‘Why posh girls make frightfully marvellous models.’

By Edie Campbell.
Illustration by Jean-Philippe Delhomme.

A letter from… London: A class act. - © System Magazine

There is a lingering belief that the fashion world is overwhelmingly populated by posh people. Especially in the UK, where the fashion industry is seen as just an extension of an all-girls boarding school, full of lots of girls who know each other already. I can’t say that this really fits with my experience, but then this is a business devoted to transformation and dressing up, so a lot of the posh people are probably successfully camouflaged as not-posh, and a lot of the not-posh people are pretending to be posh. But let’s entertain the thought for a bit longer.

Whether fashion is – or is not – run by poshos, there has always been a strange fascination with aristo models. From Honor Fraser, Stella Tennant and Jacquetta Wheeler, to Cara and Poppy Delevingne, Suki Waterhouse, Georgia Jagger, Rosie Huntington-Whiteley and Jean Campbell.

If it is true that fashion is inundated by posh models, then why? What makes posh models good models?

Firstly, we’re stupidly polite. Hopelessly, helplessly, occasionally dangerously, polite. This has three great benefits when it comes to modelling. Firstly, we always come across as posh and pretty, very eager to please, and with no brain. Models are always underestimated, but the posh models, they won’t even be crafty, right? But being underestimated is one of my favourite things: people who expect nothing of you can never be disappointed. But better still, they will usually be pleasantly surprised even if you turn out to be only marginally more capable or intelligent than they had anticipated. So a posh model is already intriguing when she turns out to be anything more than a slightly helpless young schoolgirl.

The second great benefit of this entrenched politeness is that we really hate saying no. This is partly due to a fear of confrontation, and partly due to a fear of disappointing someone. This combination of fears is actually extremely useful when it comes to being a model. Given that models are required to be in total agreement with everyone they work with, as well as relentlessly positive and bouncy, this fear of being in disagreement comes in handy. We are used to repressing our opinions: we have never been totally honest, and are entirely used to skirting round conflict for the sake of an easy and disingenuous life! We really, really, really don’t want people to hate us. It means we can happily agree with anyone and say yes to anything without any internal conflict. So, yes, of course that dress is the most beautiful thing I have ever seen, and yes, I will shave my head and make out with an armadillo – but only because I just cannot work out how to say no.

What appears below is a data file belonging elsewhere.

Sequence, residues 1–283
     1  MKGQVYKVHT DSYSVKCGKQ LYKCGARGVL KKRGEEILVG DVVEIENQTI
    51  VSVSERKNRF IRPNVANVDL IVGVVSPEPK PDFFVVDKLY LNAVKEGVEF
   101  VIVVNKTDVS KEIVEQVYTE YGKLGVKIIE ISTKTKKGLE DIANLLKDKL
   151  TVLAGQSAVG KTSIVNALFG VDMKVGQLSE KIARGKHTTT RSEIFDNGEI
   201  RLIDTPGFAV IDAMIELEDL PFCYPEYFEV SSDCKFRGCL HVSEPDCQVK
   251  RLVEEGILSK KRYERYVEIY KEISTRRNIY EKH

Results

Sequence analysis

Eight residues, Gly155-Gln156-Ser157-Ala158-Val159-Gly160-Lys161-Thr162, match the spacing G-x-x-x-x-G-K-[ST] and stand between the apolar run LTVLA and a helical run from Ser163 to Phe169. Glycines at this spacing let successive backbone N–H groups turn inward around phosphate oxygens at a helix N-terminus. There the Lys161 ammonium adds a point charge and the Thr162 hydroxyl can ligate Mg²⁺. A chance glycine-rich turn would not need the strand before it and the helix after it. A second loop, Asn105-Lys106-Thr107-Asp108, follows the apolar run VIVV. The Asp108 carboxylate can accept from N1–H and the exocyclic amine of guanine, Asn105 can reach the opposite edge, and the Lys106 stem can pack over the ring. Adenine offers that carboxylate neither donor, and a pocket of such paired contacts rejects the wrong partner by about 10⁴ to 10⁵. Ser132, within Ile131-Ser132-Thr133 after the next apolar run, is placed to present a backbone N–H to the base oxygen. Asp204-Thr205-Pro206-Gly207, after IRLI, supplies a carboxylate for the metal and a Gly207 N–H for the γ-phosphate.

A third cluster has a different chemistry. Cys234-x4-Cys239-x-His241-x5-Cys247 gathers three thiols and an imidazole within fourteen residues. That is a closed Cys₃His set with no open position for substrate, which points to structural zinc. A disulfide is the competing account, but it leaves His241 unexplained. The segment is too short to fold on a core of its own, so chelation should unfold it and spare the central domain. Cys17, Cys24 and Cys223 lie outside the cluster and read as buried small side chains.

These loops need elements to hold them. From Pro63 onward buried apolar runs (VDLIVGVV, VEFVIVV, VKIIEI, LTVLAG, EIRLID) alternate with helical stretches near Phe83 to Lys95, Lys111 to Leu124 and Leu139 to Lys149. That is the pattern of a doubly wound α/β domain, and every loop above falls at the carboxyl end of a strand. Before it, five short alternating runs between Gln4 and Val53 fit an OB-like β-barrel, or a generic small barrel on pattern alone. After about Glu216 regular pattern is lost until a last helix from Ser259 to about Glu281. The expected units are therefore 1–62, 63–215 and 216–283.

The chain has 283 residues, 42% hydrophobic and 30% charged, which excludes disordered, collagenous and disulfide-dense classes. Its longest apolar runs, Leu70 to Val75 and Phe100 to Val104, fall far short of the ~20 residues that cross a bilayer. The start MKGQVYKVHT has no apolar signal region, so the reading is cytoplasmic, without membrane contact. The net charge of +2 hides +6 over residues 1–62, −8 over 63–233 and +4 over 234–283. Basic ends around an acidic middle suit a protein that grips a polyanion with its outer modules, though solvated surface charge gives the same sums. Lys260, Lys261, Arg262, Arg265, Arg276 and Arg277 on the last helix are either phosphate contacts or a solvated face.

The second reason why poshos make good models is that nearly all of us have daddy issues. In fact, also mummy issues, having been abandoned by both parents at birth to a cavalcade of dour nannies with nary a backward glance. This generally means that we want everyone to fall in love with us. In most professions, this is not a useful instinct to have, but as a model, it’s ideal: a model’s job is to be scintillating. And given that most fashion photographers are men old enough to be our fathers, this makes the daddy issues kick into play twice as fast. But don’t jump to conclusions: I’ve never actually shagged a photographer! I’m far too sexually repressed and English! And I just want to be loved.

The third reason why posh girls make good models is because we tend to be quite hardy. There is no better prepara­tion for a models’ apartment than growing up in a very damp and cold castle, sharing a bed with four generations of incontinent spaniels, or being shipped off to boarding school aged four where you will be mercilessly caned for wetting the bed. In comparison to that, a night spent in the middle seat of an overcrowded passenger jet, next to the fetid stench of the loos for 10 hours sounds like a good night’s kip.

I really don’t know why there is this fascination with the poshness of models. Maybe it’s because modelling isn’t seen as a real job, so to watch a posh girl doing it – someone, after all, who isn’t really a real person, but rather a caricature of the upper class – is a bit like watching a very camp performance. Maybe there’s something innately camp about poshness that fits very well with fashion. Who knows? But despite having spent most of my teenage years desperately trying to hide my poshness, convinced that a person could not be simultaneously ‘cool’ and ‘posh’, I am now more or less happy to wear my poshness with impunity.

Taken from System No. 6.